Kate Cox explains why Big Tech is a big target:
Concerns about big tech’s anticompetitive behavior have occasionally bubbled up for decades. But building pressure seems to have exploded coming into this year, and most major developments in the US seem to have hit just within the past six months
GAAF is Google, Apple, Amazon, and Facebook. What are they doing wrong?
Bigness by itself is not a crime, and none of the four platforms currently known to be under investigation is necessarily a monopoly in the sense the Sherman Act would have it.
Where does Apple fit in?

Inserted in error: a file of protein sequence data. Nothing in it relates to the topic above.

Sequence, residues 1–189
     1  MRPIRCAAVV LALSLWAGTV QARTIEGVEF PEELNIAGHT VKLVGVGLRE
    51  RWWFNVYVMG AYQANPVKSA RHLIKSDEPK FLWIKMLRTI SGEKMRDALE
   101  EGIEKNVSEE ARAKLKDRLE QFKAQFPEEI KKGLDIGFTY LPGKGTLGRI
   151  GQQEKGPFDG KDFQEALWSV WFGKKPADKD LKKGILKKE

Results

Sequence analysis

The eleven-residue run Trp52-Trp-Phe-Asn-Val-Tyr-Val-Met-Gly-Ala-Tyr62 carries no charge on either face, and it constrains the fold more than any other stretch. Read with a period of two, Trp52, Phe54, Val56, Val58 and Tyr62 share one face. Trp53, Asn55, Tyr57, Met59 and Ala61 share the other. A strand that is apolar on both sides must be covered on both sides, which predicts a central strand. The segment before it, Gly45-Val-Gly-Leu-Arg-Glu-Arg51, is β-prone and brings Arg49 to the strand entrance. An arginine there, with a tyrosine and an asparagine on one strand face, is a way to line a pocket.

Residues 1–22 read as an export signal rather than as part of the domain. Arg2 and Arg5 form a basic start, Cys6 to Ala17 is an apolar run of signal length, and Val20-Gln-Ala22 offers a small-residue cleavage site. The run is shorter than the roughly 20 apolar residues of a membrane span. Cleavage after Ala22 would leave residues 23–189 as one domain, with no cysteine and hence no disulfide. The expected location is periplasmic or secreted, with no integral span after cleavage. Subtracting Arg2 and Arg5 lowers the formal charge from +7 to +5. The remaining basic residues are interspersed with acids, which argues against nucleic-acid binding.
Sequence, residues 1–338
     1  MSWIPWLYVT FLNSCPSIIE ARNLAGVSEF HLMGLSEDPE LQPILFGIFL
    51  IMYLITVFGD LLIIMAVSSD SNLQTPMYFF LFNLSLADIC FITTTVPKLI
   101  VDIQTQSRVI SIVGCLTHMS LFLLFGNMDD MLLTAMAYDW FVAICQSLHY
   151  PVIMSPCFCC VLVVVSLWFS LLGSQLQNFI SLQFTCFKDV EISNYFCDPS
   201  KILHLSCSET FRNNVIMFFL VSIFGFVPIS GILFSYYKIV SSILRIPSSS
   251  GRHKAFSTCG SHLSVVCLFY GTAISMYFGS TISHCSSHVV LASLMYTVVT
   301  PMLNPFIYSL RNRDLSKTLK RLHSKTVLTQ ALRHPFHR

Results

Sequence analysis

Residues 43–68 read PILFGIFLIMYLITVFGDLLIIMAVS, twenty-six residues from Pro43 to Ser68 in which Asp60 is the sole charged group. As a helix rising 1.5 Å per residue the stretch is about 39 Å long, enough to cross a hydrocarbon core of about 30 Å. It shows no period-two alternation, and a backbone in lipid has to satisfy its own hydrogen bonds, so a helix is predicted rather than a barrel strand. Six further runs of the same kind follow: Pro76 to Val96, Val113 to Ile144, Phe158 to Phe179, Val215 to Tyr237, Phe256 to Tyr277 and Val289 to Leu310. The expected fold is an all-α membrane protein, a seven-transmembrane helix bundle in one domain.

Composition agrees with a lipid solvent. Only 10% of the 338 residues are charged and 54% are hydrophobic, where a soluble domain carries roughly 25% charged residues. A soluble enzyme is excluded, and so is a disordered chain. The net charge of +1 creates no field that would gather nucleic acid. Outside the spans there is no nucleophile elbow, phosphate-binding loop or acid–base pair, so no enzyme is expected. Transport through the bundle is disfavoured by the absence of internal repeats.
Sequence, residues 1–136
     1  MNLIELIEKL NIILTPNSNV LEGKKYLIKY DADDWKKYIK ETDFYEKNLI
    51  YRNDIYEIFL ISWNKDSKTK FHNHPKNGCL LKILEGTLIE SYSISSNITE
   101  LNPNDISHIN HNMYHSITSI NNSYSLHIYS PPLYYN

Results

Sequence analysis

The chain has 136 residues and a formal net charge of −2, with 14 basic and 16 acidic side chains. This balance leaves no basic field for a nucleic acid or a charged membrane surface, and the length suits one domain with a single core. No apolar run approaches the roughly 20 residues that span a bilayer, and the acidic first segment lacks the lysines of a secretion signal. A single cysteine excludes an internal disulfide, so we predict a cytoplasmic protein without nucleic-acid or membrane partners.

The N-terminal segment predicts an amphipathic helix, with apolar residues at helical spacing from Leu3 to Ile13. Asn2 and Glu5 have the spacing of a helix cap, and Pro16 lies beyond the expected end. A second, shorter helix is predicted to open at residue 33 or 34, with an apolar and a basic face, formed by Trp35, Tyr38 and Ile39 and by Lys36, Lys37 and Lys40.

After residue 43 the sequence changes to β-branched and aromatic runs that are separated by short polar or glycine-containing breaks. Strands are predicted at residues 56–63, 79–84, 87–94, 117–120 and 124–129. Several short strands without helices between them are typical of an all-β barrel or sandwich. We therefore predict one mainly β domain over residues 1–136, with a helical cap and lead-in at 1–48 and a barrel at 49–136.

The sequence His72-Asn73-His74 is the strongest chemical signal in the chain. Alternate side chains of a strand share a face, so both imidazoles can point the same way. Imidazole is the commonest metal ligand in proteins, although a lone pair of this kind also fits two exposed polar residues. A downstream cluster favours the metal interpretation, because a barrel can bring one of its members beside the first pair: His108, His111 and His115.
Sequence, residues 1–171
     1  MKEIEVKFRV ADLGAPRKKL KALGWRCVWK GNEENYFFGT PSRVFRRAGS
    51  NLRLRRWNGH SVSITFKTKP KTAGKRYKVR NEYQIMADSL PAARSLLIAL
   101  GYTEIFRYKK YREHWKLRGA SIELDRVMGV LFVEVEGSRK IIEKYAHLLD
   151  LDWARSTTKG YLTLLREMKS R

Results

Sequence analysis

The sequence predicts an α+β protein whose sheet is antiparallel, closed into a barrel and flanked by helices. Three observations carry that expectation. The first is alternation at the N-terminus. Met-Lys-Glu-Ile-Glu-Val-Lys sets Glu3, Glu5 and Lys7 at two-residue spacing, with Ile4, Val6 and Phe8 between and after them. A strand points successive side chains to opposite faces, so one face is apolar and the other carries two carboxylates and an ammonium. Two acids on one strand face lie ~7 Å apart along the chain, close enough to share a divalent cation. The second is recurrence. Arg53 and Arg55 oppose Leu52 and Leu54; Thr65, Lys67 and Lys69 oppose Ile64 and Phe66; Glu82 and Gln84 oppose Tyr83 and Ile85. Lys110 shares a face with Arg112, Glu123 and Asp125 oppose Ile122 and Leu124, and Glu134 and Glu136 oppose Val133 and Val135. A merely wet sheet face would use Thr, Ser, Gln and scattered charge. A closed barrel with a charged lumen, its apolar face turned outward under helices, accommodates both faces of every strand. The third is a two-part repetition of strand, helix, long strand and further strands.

Much more tangible, however, is the other avenue of antitrust inquiry: how did these companies rise to the top, and how do they stay there? Is everything above board, or have any dirty, underhanded, unlawful cards been played?
More questions than answers. How will it end?
So to imagine just one future from these four Big Tech antitrust initiatives, take Facebook. WhatsApp and Instagram each boast more than a billion users. If Facebook were somehow forced to divest both companies tomorrow, the businesses might stand alone for a time. Or, more likely, they might go to other deep-pocketed buyers—buyers that, themselves, would then be subject to the tug and spin of shareholders and economic forces, and the platforms might eventually start gravitating toward each other all over again until they inevitably collide.
It never ends. Excellent read.